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Baldwin’s Sunday Story Wx Blog for June 7th

At a Glance

Not available today. 

48-Hour Weather

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Be safe in the heat and humidity today. Heat index values will be very high by this afternoon.

Make sure your outdoor pets have plenty of cool, fresh water.


Baldwin’s 7-Day forecast

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Daily Forecast

Today – Monday: Hot, humid, but rain-free.

Tuesday: Scattered showers and storms, mainly in the afternoon and evening.

Wednesday: More scattered showers and storms.

Thursday – Saturday: Looking warm and pleasant.


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Yesterday’s National High and Low Temperature

High: 107 at Rio Grande Village, Texas

Low: 25 at Calimus and Wagontire, Oregon and at Fox Mountain, Nevada


Tropical Storm Cristobal will make landfall along the coast of Louisiana sometime this afternoon. The storm is packing maximum sustained winds of about 50 mph, though the National Hurricane Center admits that may be a bit generous. So, wind is certainly not the problem. The storm will, however, bring abundant rainfall to the coast and that will lead to flooding concerns.



Wx Hazards Across the Nation

A severe weather outbreak is expected across the northern plains again today. Some of the tornadoes could even be “significant”. Mountain snows continue in the northern Rockies, while Tropical Storm Cristobal makes landfall on the northern Gulf Coast. That storm will bring flooding rains and the possibility of severe storms to that region today and tonight.



Wx Hazards Across the Nation

A cold front will bring severe storms to the central and northern plains tomorrow. Meanwhile, the remnants of T.S. Cristobal will bring flooding rainfall to the Lower Mississippi River Valley.



Wx Hazards Across the Nation

The remnants of Cristobal will continue to bring heavy rain to the Midwest.



Like yesterday’s, today’s record is from 1816. On this day, a very unusual winter storm struck parts of the Northeast. Danville, Vermont reported drifts of snow and sleet that were nearly two feet deep! Even Boston had snow flurries! The highlands were white all day.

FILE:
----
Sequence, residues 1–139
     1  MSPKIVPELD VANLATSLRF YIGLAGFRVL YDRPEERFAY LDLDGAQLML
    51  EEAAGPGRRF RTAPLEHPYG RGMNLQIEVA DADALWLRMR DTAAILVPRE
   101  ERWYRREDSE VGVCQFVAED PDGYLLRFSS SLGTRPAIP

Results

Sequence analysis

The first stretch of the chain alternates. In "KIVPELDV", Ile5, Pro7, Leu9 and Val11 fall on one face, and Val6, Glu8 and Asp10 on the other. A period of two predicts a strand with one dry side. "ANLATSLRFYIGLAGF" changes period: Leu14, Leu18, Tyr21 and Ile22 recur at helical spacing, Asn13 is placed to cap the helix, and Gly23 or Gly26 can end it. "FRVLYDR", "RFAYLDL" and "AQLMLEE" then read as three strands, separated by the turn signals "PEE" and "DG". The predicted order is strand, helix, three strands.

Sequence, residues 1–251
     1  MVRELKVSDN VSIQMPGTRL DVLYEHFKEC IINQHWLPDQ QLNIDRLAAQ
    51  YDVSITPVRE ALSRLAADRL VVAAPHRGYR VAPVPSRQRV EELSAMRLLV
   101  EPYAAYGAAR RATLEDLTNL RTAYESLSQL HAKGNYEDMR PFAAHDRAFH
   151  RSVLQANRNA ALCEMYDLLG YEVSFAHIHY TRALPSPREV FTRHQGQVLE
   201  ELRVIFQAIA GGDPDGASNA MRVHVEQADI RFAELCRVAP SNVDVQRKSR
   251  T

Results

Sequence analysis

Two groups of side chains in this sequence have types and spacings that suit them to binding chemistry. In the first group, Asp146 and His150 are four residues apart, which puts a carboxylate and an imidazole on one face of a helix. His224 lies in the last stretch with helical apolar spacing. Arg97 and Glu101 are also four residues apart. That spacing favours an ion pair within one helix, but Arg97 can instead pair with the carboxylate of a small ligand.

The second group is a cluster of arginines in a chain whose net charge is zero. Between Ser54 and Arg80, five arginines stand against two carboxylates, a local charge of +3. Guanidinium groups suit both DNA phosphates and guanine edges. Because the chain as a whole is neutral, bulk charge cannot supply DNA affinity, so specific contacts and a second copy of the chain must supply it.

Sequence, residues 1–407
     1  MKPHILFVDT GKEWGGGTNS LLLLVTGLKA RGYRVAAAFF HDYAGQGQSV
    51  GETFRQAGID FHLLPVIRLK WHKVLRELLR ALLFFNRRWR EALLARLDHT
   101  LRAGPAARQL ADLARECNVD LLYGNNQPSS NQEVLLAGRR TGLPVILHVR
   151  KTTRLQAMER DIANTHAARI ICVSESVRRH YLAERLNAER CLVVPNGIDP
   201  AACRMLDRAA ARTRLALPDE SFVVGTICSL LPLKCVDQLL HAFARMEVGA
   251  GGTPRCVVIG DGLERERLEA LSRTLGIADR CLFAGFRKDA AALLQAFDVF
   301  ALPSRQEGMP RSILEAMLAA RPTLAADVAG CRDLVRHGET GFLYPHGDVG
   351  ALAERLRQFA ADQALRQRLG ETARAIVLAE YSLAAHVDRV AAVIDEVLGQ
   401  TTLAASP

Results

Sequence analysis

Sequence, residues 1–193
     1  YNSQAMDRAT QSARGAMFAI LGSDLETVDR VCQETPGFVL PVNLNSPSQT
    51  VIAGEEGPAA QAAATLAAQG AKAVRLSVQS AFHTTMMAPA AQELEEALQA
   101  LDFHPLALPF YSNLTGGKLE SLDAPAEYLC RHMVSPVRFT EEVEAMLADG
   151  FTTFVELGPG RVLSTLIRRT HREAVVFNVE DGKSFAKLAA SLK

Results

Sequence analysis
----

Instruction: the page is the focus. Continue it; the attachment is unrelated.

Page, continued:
I’ll have an article about that year coming for the Fentress Courier and Livingston Enterprise this week!

Sunday Story

Published in the Fentress Courier and Livingston Enterprise the week of June 1st.

Astronauts are launching from American soil for the first time since the last space shuttle lifted off in 2011!

The first scheduled launch was for May 27. After months of excitement from waiting for this launch, it was delayed at the last minute because of weather.

The number one reason for any rocket launch delay is weather. The responsibility of that forecast resides with the folks at the 45th Weather Squadron of Cape Canaveral.

Florida is the lightning capital of the US, so thunderstorms are very common. Rockets cannot launch into lightning storms.

The more complicated forecast is like the one that occurred May 27. Conditions were mostly cloudy, with storms in the distance. Nevertheless, a lesson learned the hard way by NASA is that just a deck of cloud cover can generate its own lightning strike.

The water in the clouds is negatively charged, while a rocket is negatively charged. If the two generate enough charge difference a lightning strike is created. This happened with Apollo 12 and could have ended in disaster for that crew.

Even temperatures need to be watched closely. Bitter cold temperatures at Cape Canaveral led to a failure of the O-rings on a side rocket booster on the Challenger, which led to a catastrophic failure of the craft.

Winds from the surface of the earth to tens of thousands of feet up need to be monitored closely. Weather balloons are released frequently in the hours leading up to and during the launches. Every weather element must be watched closely.

As dangerous as weather is to lift-off, some astronauts miss that weather once they are in space. One astronaut commented that when he was in space, he would have given anything just to feel a cool breeze or take a walk in warm sunshine.


You all have a great day!


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